The Rhode Island Marine Trades Association last year launched a pilot program to address end-of-life fiberglass boats. It was first boat recycling project in the nation.
Such programs have existed in other countries for some time. In the Netherlands, composite materials are repurposed into river and canal retaining walls. Italian researchers turn fiberglass into kitchen counters or flooring, and a French boat-dismantling and recycling network has shown encouraging results.
RIMTA’s Phase 1, which ended in 2019 was deemed a success, with more than 20 tons of vessels collected and recycled. The recycled materials were used as filler in the manufacturing of concrete and as an energy source, which has led to Phase 2 of the project.
“Facing the Legacy: Lifecycle Solutions for Fiberglass Boats,” a video that explains the program and the reasons for launching it can be seen here.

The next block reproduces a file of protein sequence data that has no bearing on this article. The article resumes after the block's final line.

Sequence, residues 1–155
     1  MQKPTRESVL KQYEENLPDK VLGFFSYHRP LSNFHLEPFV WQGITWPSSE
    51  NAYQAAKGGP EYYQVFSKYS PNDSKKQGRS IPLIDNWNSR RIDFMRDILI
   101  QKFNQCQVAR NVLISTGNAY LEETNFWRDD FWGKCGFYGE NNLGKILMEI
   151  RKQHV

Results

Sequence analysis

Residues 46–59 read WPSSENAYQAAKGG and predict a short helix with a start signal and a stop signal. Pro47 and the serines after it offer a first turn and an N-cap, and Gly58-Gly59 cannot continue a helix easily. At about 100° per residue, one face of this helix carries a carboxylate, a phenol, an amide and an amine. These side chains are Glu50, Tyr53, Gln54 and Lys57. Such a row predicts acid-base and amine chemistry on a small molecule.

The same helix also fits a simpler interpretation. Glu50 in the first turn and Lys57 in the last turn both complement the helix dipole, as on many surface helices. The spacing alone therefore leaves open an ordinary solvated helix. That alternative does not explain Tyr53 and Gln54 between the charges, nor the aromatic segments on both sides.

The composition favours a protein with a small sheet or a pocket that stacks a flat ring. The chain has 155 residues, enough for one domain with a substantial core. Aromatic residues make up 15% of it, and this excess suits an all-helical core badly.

“Fiberglass doesn’t break down, and it doesn’t go away,” Evan Ridley, RIMTA’s director of environmental programs, said in the video. “Boatbuilders, boat owners and boat businesses alike face limited options for responsible disposal.”
RIMTA said Phase 2 will include an economic analysis of the program to help determine long-term feasibility, as well as opportunities for potential legislation and regulations that are supportive of fiberglass boat recycling.
Several groups made the pilot program possible, including 11th Hour Racing, the Association of Marina Industries, the Rhode Island Resource Recovery Corp. and the BoatUS Foundation Grassroots Grant Program.
“Creating a sustainable alternative to landfilling for boats is possible,” Ridley said, “but it will take industry leadership and collaboration to bring this effort to the next level.”